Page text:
i know it sounds complicated, but they really do get the hang of it quickly (and if they've been practicing their words, they know which ones are theirs!)

up until last year we had our a spelling book--those words were easy/average for my grade level, so i generally had 4-8 kids working on "accelerated" lists. i gave the class the first month or so to show me what they could do--kids with A's on all tests got to show me if they could "test out" of the rest of the units--if they did well, i pretested them on the next few lists and the words they missed were the ones they kept--why practice words you know? this puts those kids with all different lists--while i am giving the 2 lists for the test, these kids buddy up and give each other their tests. once they have tested through all the lists, i start on my accelerated words. i've just created lists from various places--a couple lists came from an Internet search--some came from the Challenge words from the book--several lists came from some more advanced books that we read (Phantom Tollbooth and Westing Game)--some came from 7th and 8th grade spelling workbooks from the teacher store.

many years ago, our district had us connecting our spelling with writing (not bad, but very time consuming). similar to what i do with advanced spellers--everyone had a list---they pretested (didn't help that the words were pretty easy!) they tested out of quite a few, and then had to "find" words to make 20. i always had curriculum words for them to choose from and usually a list of social skills (listening, cooperation, manners...) words....but the bulk was supposed to come from their spelling cards--ugh--we were supposed to find misspelled words in their writing and put those words on cards in a little box--and on mondays, the kids filled up their lists with these words. i couldn't keep up with that much writing!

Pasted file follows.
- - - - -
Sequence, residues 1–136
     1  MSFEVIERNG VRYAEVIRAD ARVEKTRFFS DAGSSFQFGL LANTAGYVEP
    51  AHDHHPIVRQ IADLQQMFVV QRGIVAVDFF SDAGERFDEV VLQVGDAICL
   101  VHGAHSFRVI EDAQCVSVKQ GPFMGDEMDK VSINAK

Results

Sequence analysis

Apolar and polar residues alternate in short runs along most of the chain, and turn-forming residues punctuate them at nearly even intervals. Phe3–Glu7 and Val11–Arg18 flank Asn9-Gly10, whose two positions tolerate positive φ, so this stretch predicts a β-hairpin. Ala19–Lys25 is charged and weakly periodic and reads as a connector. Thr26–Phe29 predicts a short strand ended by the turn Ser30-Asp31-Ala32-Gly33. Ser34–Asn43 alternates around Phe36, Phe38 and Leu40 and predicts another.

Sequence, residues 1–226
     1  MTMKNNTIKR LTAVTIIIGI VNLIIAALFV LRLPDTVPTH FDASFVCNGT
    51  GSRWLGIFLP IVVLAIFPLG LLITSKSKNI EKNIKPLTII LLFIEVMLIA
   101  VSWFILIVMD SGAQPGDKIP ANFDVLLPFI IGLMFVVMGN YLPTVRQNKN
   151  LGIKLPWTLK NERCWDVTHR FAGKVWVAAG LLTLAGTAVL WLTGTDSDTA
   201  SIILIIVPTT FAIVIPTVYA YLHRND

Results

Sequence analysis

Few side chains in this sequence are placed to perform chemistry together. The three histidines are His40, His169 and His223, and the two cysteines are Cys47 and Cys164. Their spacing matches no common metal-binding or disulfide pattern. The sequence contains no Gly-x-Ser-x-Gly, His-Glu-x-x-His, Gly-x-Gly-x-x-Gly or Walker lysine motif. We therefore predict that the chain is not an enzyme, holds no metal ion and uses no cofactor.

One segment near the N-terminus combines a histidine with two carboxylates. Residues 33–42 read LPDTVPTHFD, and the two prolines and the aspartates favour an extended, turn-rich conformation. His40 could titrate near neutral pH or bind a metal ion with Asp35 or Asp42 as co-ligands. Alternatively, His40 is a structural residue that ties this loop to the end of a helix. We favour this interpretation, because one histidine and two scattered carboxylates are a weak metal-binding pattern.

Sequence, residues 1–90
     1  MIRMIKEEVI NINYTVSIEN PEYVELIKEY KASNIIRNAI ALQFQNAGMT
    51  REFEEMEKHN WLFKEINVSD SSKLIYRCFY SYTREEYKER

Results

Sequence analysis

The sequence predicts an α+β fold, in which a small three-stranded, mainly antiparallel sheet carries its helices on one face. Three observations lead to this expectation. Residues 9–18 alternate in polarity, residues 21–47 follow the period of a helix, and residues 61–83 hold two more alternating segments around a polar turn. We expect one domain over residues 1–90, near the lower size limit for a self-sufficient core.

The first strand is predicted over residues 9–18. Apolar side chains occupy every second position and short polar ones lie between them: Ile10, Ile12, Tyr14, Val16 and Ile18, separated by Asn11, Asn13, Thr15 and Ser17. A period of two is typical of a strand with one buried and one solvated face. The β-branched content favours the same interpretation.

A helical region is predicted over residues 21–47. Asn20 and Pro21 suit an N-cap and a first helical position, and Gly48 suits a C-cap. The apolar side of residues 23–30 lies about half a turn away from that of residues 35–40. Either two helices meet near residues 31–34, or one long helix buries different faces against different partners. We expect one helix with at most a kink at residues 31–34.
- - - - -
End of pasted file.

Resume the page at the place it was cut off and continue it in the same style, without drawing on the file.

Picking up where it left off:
this year we got a new reading series (i think it might be language too--obviously i didn't go to the optional training at the beginning of august!) and it has a spelling component--we don't have those workbooks yet (no books, just workbooks--and we don't get workbooks next year, apparently--huh) oh, yeah--school starts this coming monday--thank goodness i hadn't planned on doing spelling right away anyway. i did glance at the spelling words somewhere, and they look really easy--sigh...


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Word Study
Old 08-26-2006, 09:42 AM
 
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Our school has been implementing Fountas & Pinnell's Word Study for our spelling program. It has been great! The basic low down: Students keep a list of words they need to know in a notebook/folder (words misspelled frequently in their writing). Then, a mini-lesson is taught on Day 1 (it's a 5 day cycle) involving a language principle, for example /ch/ sounds of /k/, /ch/, /sh/. Students do an activity to help apply and gain an understanding of the principle (such as a word sort), then choose four words from the word sort (or other source depending on their level), and four words from their Words to learn list. There are different activities to do each day to help students gain the skills needed to retain these words. Students actually give the test to their Study Buddy on Day 5. It sounds scary, but if you model and teach them specifically how to do each step, it goes great!

I check their lists on Day 1 to make sure it's at the appropriate level and that they are spelled correctly. Students write their words in a notebook each week, also, to help them remember which words have been on their lists.

Fountas & Pinnell's book "Words Their Way" gives a great introduction and description, and their "Word Study" curriculum provides great mini-lessons.
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Old 08-26-2006, 01:24 PM
 
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Thanks so much for all the great ideas!! Very helpful!